Marcel Duchamp was a French artist whose work is most often associated with the Dadaist and Surrealist movements. Duchamp's output influenced the development of post-World War I Western art. He advised modern art collectors, such as Peggy Guggenheim and other prominent figures, thereby helping to shape the tastes of Western art during this period.
Marcel Duchamp was born in Blainville-Crevon Seine-Maritime in the Haute-Normandie region of France, and grew up in a family that enjoyed cultural activities. The art of painter and engraver Emile Nicolle, his maternal grandfather, filled the house, and the family liked to play chess, read books, paint and make music together.
A playful man, Duchamp challenged conventional thought about artistic processes and art marketing, not so much by writing, but through subversive actions such as dubbing a urinal "art" and naming it Fountain. He produced relatively few artworks, while moving quickly through the avant-garde circles of his time.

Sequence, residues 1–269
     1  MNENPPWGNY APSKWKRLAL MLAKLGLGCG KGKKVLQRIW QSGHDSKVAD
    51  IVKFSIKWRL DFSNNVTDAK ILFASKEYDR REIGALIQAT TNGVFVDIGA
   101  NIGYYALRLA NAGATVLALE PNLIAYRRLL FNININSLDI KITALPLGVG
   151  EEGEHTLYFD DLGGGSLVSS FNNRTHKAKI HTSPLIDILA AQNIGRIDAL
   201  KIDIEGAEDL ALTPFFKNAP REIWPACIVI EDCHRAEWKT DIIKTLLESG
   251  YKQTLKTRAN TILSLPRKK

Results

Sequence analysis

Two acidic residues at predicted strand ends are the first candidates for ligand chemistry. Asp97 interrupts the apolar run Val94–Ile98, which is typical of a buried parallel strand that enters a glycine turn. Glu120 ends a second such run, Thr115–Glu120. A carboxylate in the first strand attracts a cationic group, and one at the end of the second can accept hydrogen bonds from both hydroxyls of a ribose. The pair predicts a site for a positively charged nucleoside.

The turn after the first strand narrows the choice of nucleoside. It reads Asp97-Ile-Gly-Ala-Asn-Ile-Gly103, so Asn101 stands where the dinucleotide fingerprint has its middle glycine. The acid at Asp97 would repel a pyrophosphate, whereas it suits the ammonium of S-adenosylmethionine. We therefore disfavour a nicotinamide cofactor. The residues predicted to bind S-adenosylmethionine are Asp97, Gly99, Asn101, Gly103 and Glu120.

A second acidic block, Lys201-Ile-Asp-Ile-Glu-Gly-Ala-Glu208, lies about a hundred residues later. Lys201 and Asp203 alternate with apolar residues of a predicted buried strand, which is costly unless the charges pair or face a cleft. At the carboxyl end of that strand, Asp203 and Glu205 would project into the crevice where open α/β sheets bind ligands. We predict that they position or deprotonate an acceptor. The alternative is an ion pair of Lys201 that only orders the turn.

Marcel Duchamp died on October 2, 1968 in Neuilly-sur-Seine, France, and is buried in the Rouen Cemetery, in Rouen, France. His grave bears the epitaph, "D'ailleurs, c'est toujours les autres qui meurent;" or "Besides, it's always other people who die."